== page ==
Do you build the tracks up in Pro Tools?
Yeah, everything is in Pro Tools. I tried Logic, but I
never got on with it. I didn’t like the way the audio side worked.
People have said that in Pro Tools, the MIDI side isn’t very good, but I
tell you, the MIDI side does everything that I need it to do. Quite
often, if I’m in the analog world, I don’t need to MIDI it. I like to
play things live. I’ll use Pro Tools as a tape machine.
Pro Tools is a little more reliable than tape machines. . . .
Exactly. We were “sampling” in 1978, but the only way to
sample was to record it on a half-inch tape machine, work out the start
point, and hit play, which I became an expert at. We used to have a
whole load of ReVox B77s in our studio, and all these spools everywhere
to make the tape loops go round and round. If only we’d had Pro Tools!
When you’re onstage, it stands out just how many parts you’re playing in real time.
Yeah, we’re playing everything apart from the drum
machine. We’re a bit old school because we started playing live before
there were sequencers. We got into that feeling of actual performance
and playing live. It would be really boring for me to just sit there and
fiddle a bit with knobs and stuff. I like the challenge of playing a
complicated song. On the Fantom, the challenge is remembering where
everything is zoned and playing it all at once.
Did you start out with any kind of musical training?
Punk in the mid-’70s said to a lot of people that you
don’t have to have musical training. You just need an attitude and an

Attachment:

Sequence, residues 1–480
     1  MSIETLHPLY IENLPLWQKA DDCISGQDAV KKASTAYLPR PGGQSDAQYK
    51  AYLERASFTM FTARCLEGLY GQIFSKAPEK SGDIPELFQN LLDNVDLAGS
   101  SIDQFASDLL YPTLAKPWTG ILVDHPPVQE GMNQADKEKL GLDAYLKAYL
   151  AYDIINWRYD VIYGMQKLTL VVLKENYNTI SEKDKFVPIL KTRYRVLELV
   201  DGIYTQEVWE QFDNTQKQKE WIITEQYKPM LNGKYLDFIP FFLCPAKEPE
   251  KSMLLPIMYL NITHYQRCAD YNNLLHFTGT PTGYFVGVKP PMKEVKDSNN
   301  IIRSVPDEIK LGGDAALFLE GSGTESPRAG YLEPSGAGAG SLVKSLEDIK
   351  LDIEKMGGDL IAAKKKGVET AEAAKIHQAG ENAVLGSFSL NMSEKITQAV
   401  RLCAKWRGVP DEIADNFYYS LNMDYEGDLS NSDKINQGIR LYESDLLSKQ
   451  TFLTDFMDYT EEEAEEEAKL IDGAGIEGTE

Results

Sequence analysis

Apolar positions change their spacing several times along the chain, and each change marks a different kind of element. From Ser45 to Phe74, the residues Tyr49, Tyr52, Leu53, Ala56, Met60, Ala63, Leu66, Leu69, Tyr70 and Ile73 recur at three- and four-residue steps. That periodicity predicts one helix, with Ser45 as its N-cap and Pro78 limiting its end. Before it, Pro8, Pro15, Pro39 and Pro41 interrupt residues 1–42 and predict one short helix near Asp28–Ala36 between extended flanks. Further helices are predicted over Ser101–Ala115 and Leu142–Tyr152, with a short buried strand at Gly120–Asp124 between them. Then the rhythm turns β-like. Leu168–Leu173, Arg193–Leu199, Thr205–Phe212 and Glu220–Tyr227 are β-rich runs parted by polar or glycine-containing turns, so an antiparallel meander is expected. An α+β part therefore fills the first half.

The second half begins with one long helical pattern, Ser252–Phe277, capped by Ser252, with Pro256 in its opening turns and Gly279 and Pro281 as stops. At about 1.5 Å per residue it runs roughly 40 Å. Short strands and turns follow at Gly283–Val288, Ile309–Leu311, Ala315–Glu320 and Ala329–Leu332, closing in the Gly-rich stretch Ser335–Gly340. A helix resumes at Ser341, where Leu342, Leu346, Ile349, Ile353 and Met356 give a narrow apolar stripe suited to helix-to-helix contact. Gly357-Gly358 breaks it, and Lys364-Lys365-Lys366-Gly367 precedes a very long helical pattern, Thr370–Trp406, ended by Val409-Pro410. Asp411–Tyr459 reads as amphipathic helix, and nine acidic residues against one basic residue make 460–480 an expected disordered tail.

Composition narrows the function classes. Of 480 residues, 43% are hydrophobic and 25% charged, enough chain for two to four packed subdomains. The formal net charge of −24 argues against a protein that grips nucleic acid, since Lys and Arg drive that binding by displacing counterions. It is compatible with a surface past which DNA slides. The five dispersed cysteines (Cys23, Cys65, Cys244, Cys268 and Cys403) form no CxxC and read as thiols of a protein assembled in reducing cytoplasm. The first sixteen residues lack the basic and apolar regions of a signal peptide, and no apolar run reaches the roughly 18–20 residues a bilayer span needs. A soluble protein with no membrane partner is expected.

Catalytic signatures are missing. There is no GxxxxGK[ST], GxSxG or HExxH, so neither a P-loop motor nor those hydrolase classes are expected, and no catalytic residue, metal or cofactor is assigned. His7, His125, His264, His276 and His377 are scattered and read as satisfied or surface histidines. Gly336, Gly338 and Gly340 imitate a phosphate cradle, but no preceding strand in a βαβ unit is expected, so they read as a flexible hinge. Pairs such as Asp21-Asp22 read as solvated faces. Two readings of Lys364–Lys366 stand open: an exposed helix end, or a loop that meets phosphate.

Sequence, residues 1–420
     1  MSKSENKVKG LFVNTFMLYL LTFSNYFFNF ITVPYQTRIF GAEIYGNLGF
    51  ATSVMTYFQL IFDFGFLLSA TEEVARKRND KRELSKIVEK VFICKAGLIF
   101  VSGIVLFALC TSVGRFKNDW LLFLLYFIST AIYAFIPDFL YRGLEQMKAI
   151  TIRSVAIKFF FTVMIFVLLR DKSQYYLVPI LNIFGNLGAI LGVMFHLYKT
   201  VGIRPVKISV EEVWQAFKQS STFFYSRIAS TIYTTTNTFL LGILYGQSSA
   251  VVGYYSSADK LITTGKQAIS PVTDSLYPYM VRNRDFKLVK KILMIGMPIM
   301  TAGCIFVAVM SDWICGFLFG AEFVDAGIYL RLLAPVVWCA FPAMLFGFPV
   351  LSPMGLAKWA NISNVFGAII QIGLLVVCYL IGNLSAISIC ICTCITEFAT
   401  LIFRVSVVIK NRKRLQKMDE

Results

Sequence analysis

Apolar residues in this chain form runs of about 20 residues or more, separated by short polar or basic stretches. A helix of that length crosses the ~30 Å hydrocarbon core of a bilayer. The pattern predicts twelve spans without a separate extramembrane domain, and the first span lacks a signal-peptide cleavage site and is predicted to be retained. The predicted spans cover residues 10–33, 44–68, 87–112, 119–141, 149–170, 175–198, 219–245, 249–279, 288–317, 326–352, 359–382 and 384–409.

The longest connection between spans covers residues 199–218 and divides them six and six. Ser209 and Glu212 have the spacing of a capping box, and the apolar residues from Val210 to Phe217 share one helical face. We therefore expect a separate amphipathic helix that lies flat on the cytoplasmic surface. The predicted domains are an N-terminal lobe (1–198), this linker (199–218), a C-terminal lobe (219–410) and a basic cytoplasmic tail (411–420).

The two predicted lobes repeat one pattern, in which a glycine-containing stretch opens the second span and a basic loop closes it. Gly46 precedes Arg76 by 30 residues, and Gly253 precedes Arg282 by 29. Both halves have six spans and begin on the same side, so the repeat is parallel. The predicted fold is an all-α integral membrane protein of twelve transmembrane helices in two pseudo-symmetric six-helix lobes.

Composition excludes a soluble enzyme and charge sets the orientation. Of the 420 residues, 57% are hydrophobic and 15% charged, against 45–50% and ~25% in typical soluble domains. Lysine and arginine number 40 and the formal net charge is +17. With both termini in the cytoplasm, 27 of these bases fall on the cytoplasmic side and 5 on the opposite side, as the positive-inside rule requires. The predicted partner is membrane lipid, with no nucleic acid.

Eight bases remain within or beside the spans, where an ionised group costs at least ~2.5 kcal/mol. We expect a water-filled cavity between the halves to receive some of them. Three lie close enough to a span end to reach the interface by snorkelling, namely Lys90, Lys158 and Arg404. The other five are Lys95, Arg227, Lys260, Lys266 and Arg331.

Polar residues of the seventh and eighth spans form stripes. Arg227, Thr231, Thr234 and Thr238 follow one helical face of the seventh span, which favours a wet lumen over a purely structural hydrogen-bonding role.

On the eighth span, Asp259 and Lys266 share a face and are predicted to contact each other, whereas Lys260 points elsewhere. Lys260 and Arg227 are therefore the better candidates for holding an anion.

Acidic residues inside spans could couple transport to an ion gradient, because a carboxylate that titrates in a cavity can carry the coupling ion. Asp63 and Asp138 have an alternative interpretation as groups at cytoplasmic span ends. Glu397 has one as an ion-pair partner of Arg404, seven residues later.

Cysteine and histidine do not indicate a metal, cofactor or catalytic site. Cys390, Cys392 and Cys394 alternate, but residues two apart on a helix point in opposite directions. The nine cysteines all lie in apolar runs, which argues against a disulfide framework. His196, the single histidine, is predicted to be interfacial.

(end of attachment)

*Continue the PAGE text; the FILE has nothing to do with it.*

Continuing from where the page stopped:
idea and you can get up and do it. In the early days, we were like
two-fingered synth players. We had no training whatsoever. We just
learned as we went and, after 30 years, we’ve had to become really good
players, just by default.
What might be next for OMD?
We never have a plan. What’s interesting with English Electric
is that Andy and I sweated blood over that record. We just kept working
until we got it exactly how we wanted it. During that process, we kind
of exhausted ourselves. We looked at each other at one point and said,
“We can’t do this again.” But then on this tour, we’re already talking
about new possibilities, so we’ll see what happens.
Everything is on our terms now. There’s no record company
pressure. That’s what happened in the ’80s. That’s why things fell
apart. Now we don’t have to do anything. We’re like kids again
with OMD. We started out just doing whatever the hell we felt like
doing. All of a sudden, we fell into the music industry. Fortunately,
we’ve made enough money that we don’t need to be topping up our
pensions. As long as we keep loving what we’re doing, we’ll keep going.